A top Pennsylvania state Senate Republican is refusing to follow a court order requiring lawmakers to turn over data that would redraw the state's congressional map.
In a letter to the Pennsylvania Supreme Court, which struck down the map, state Sen. Joe Scarnati on Wednesday called the order unconstitutional and said he would not comply.
"In light of the unconstitutionality of the court's orders and the court's plain intent to usurp the General Assembly's constitutionally delegated role of drafting Pennsylvania's congressional district plan, Senator Scarnati will not be turning over any data identified in the court's orders," wrote Brian Paszamant, Scarnati's attorney.
The court threw out the Republican-drawn map last week, ruling that districts "clearly, plainly and palpably" violate the state's constitution and ordering that the map be redrawn in the next three weeks. If they fail to meet this deadline, the court will then draw its own map, with input from the parties.
Republicans control 12 congressional districts, while Democrats control five. (Another district is the subject of a special election next month.)
Republican state lawmakers have filed an appeal to the US Supreme Court to stay the order, and accused the court of "attempting to play the role of 'lawmaker'" by striking down the map.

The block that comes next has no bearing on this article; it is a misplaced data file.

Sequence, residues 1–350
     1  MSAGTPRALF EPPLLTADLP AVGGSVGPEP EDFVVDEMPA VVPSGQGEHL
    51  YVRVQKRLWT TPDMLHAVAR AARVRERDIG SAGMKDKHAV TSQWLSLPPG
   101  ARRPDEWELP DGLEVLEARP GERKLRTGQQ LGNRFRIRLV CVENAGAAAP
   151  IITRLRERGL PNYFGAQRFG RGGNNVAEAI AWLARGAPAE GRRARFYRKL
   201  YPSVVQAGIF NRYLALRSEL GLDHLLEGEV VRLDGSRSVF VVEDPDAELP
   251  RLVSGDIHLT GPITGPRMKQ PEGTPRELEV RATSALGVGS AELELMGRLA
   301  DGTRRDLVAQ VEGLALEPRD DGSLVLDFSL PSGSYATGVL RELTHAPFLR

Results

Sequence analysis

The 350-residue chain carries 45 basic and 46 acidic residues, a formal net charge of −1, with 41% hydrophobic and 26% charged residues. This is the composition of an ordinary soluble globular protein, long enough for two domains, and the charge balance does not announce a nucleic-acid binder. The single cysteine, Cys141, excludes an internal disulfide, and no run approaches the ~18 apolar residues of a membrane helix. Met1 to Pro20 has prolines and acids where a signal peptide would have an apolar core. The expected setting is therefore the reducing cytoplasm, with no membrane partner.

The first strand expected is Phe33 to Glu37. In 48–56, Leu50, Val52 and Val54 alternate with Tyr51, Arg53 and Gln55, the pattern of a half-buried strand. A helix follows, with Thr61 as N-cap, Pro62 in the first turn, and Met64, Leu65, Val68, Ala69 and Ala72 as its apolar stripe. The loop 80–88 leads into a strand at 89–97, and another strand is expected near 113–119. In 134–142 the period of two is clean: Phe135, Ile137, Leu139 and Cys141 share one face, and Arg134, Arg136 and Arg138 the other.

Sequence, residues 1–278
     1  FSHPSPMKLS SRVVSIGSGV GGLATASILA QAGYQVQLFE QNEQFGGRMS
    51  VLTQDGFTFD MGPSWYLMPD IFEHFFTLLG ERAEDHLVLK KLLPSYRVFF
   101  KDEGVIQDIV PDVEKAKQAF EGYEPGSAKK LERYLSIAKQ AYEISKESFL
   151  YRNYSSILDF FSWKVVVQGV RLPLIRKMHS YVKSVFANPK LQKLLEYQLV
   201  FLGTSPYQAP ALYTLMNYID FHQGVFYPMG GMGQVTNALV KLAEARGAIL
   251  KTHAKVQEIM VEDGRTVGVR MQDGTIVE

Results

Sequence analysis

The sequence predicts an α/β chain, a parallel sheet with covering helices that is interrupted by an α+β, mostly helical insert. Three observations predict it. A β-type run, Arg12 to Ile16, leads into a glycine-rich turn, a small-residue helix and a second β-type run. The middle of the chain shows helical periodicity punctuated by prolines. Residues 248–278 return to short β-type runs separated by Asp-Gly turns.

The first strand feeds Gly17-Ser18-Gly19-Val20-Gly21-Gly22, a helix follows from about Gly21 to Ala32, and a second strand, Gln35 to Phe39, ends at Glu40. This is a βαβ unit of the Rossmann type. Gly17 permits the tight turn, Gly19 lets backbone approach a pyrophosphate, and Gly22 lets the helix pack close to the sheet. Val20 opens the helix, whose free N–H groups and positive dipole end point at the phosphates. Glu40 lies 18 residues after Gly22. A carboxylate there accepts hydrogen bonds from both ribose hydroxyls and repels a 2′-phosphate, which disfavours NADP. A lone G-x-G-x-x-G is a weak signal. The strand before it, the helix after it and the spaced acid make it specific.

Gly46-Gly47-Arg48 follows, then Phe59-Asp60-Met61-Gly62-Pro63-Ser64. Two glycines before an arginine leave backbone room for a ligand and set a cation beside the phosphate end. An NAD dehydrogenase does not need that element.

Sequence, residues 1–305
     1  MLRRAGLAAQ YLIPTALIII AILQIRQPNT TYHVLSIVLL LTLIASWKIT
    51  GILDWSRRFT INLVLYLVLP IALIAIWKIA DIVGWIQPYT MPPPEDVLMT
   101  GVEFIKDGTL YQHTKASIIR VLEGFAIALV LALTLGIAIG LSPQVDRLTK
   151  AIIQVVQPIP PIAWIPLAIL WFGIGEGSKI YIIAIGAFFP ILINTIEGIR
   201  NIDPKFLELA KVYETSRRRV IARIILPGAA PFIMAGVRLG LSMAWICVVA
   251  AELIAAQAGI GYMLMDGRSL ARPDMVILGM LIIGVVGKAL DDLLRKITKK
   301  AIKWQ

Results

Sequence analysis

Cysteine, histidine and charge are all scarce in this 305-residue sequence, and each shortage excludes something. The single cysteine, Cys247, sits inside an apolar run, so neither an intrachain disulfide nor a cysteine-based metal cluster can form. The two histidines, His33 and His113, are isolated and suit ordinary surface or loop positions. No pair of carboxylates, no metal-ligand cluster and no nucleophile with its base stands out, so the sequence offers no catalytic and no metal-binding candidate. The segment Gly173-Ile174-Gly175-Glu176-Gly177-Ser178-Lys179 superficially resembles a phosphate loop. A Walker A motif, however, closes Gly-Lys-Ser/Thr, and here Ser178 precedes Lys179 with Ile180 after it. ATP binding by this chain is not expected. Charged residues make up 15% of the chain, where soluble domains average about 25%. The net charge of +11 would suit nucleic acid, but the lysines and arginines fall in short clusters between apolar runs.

"As President Pro Tempore of the Pennsylvania Senate, Senator Scarnati swore an oath to uphold the Constitution of Pennsylvania and the Constitution of the United States, which is exactly what he is doing by this action," Scarnati's chief of staff, Drew Crompton, said in a statement. "The Federal Elections Clause unambiguously vests exclusive authority over congressional elections in the state legislatures, subject only to limitations imposed by the United States Congress."
Last month, federal judges said North Carolina will have to quickly redraw its 13 congressional districts because the map is unconstitutionally partisan.